3. Strong interest in one or more data analytics technologies (e.g., classification, clustering, statistical inference, data visualization).
  4. Strong interest in network security (e.g., traffic filtering, man-in-the-middle, intrusion detection).

Project 2. Internet of Things Dark Patterns and Voice Assistant Profiling

Dark patterns is a term that refers to any product design choices that make users do things that they might not normally want to do, typically creating value for a company with limited benefit (or at the expense) for their users. Dark patterns have been present and studied in the context of web and mobile apps. During our experience in running an IoT lab with hundreds of devices, we have noticed that many devices tend to exhibit some suspicious behavior such as trying to force the users into giving up unnecessary data, subscribing to additional services, or presenting the users with default settings that are not in their interests.
Among all the categories of IoT devices we have analyzed, we have seen a significant presence of dark patterns for devices that provide access to voice assistants (i.e., they can be operated with voice interactions). For example, they often try to propose “suggestions” to install specific skills or to buy a particular product. They even detect the presence of other IoT devices without explicit user consent, and they customize their recommendations based on that. Finally, some devices have the potential to profile their users based on their voice or their online activities, and provide biased answers or recommendations based on that.
In this project, we will analyze some of the IoT devices in our Mon(IoT)r Lab, with particular focus on voice-assistant enabled devices (e.g., Amazon Echo, Google Nest, Apple Homepod) to search for any evidence of user profiling or any other suspicious behavior that might fit the dark pattern definition.
The outcomes of this project will be: (1) A methodology for finding dark patterns and/or evidence of user profiling for the devices we analyze. (2) The compliance of identified dark patterns and user profiling with privacy policies and regulations. (3) Mitigation strategies to protect the users against these dark patterns and user profiling.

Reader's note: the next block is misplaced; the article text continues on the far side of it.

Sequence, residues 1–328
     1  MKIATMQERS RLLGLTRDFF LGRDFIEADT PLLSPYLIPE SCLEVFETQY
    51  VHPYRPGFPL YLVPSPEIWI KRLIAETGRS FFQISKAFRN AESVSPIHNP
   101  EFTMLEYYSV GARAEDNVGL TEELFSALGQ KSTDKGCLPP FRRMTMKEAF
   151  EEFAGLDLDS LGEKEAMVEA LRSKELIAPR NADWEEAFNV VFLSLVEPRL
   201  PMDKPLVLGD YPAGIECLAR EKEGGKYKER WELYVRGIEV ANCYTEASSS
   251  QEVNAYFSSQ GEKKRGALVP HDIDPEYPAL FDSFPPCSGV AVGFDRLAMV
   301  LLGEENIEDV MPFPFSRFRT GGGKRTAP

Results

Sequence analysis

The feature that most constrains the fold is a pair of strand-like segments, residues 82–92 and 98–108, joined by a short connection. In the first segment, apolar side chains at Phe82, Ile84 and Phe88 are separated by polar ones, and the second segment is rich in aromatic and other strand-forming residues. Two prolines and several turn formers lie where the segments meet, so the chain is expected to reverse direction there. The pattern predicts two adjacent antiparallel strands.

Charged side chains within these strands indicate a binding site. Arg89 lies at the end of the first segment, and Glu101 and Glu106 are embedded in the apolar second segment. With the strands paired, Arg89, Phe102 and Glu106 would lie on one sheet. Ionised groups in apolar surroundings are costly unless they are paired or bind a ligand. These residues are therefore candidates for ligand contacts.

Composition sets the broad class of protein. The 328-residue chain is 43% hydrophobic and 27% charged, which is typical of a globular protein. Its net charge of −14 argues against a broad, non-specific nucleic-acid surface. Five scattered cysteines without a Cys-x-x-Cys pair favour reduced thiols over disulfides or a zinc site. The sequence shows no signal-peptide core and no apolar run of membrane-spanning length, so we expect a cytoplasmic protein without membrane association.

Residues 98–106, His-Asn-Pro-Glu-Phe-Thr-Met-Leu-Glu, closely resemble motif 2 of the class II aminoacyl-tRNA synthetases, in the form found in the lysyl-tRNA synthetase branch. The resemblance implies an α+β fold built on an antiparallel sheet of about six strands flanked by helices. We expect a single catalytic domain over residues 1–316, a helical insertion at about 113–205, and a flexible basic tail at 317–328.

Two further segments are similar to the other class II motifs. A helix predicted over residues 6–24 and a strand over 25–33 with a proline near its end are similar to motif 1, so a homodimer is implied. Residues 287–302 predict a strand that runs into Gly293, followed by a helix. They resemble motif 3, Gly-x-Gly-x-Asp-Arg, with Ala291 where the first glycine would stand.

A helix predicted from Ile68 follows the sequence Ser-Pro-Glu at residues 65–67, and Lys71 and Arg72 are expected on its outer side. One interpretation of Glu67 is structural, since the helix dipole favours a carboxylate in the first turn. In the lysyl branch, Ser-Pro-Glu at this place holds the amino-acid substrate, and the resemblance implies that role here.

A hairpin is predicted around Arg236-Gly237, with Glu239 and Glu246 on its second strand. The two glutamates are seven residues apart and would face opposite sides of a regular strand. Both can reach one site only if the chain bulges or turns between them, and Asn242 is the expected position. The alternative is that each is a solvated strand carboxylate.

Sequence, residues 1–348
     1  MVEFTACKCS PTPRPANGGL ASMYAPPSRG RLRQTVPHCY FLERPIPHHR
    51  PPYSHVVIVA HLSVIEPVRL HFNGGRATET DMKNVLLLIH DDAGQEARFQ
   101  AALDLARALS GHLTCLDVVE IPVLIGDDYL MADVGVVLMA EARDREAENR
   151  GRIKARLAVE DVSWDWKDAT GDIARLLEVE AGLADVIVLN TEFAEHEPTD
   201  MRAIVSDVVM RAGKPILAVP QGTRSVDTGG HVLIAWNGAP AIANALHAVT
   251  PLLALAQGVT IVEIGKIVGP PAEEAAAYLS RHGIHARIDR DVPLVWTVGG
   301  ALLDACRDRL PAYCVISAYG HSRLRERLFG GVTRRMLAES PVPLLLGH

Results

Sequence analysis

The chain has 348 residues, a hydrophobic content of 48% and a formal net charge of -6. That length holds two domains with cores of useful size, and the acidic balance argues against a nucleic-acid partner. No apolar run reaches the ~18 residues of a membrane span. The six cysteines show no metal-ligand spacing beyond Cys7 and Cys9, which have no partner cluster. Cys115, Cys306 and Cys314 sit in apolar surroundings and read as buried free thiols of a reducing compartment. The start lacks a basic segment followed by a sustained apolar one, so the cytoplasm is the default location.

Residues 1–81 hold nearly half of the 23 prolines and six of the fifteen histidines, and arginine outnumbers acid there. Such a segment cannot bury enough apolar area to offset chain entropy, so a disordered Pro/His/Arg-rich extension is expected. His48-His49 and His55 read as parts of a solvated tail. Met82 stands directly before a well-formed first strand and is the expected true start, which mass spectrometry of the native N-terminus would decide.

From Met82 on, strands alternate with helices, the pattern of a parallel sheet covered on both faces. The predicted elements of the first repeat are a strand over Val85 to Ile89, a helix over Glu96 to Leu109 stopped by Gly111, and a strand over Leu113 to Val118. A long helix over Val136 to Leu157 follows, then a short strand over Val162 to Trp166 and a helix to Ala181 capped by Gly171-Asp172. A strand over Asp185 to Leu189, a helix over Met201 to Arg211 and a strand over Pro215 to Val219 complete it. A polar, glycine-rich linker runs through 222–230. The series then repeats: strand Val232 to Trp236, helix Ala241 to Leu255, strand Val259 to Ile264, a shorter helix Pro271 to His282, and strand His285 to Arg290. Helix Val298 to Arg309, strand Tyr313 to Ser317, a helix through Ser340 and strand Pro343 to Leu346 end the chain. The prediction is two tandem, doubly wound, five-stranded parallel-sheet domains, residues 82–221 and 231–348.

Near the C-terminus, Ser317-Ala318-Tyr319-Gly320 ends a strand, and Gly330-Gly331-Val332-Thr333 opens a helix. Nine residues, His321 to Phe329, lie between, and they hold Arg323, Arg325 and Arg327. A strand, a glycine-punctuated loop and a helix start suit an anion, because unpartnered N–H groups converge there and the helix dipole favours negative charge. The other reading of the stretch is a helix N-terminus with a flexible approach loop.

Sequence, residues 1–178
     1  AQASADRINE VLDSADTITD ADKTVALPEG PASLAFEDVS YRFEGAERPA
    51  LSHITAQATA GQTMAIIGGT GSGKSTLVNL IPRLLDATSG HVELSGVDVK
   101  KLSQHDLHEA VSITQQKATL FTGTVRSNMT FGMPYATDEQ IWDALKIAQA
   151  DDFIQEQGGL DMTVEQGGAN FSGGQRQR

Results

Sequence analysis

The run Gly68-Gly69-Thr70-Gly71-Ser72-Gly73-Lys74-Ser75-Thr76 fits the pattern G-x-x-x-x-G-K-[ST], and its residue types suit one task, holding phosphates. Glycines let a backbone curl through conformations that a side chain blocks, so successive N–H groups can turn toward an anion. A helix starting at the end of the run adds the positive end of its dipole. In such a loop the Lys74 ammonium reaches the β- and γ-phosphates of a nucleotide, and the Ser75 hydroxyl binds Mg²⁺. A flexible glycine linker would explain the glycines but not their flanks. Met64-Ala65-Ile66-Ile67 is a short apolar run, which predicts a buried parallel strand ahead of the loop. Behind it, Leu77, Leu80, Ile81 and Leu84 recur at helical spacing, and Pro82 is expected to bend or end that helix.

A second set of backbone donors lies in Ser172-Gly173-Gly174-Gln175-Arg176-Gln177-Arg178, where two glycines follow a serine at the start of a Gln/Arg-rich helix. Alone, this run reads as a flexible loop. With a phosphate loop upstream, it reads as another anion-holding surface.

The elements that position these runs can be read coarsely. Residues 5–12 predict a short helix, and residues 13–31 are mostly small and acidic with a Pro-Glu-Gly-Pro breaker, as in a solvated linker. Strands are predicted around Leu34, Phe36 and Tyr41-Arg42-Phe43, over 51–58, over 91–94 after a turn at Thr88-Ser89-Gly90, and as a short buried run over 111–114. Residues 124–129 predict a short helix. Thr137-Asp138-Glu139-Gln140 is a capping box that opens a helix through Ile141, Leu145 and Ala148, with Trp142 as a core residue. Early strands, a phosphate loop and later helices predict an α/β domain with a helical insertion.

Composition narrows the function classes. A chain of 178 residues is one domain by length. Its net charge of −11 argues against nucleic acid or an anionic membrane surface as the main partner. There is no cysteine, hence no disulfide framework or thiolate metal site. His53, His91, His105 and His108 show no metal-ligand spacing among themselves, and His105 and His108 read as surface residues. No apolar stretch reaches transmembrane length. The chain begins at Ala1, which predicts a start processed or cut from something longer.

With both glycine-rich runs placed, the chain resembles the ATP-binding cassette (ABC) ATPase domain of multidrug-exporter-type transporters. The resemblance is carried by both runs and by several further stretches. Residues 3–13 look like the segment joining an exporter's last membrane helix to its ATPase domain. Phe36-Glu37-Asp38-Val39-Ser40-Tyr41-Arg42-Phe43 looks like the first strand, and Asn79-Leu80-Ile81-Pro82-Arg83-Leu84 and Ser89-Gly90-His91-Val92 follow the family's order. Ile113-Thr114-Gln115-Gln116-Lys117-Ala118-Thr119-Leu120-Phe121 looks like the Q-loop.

Some available research directions for this project that a student can choose are:

  • PROJECT 2A (ongoing): Focus on IoT dark patterns.
  • PROJECT 2B (ongoing): Focus on Voice Assistant profiling.
Prerequisite
  1. Basic knowledge of python and bash.

Project 3. Visualization of Internet of Things traffic (backend or frontend)

The goal of this project is to visualize traffic statistics of IP-based IoT devices both in real time and offline. For example, visualizing statistics about incoming and outgoing traffic for each IoT device on a local network on a responsive web application and/or phone app. Statistics include traffic averages, traffic spikes, amount of traffic by device and by destination. The purpose is to give a tool to visualize what is happening / has happened on an IoT network.

To achieve this goal, the student will be given access to a tool we have previously developed, and will be responsible for learning how it works and adding improvement to its frontend or backend components.

Some available research directions for this project that a student can choose are:

  • PROJECT 3A (ongoing): Focus on backend.
  • PROJECT 3B (ongoing): Focus on frontend.

Prerequisites

  1. For the frontend, knowledge of modern website design, especially Javascript-based web technologies
    Alternatively
  2. For the backend, familiarity with Node.JS, in-memory (e.g., Redis) and noSQL (e.g., MongoDB) databases
  3. For both: extensive programming experience.

Project 4. Analysis of Automated Transcription Systems

As remote work and learning increase in popularity, people who are deaf or hard of hearing may depend on automated transcriptions to participate in business, school, entertainment or basic communication. Many others might also use these tools as an important convenience.
It’s important that these products be able to accurately transcribe speech, no matter the race or ethnicity of the speaker. Research has shown that digital assistants make more errors when attempting to recognize the speech of black users compared to white users. A similar disparity may exist in speech-to-text products that are widely used in videoconferencing and social media applications.
For a set of leading videoconferencing and social media products, as well as IoT voice assistants, compare word error rates by speaker race, gender and regional dialect.
This is an ongoing project. The student will determine the word error rate of some common videoconferencing and social media applications. They will then analyze the variation in error rates by race, gender, regional dialect, and other relevant factors.
This is an ongoing project.
Prerequisites
  1. Extensive programming experience (python recommended).
  2. Experience in analyzing and plotting data.